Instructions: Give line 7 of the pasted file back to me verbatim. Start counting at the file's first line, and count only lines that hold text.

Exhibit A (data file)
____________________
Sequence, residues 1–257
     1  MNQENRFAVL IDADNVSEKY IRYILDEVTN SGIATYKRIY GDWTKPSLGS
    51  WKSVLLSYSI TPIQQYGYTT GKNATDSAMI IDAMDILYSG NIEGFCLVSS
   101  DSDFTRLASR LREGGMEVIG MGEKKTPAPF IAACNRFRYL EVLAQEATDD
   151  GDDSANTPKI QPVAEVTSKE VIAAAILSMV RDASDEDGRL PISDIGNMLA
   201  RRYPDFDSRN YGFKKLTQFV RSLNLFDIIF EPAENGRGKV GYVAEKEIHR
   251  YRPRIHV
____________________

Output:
   251  YRPRIHV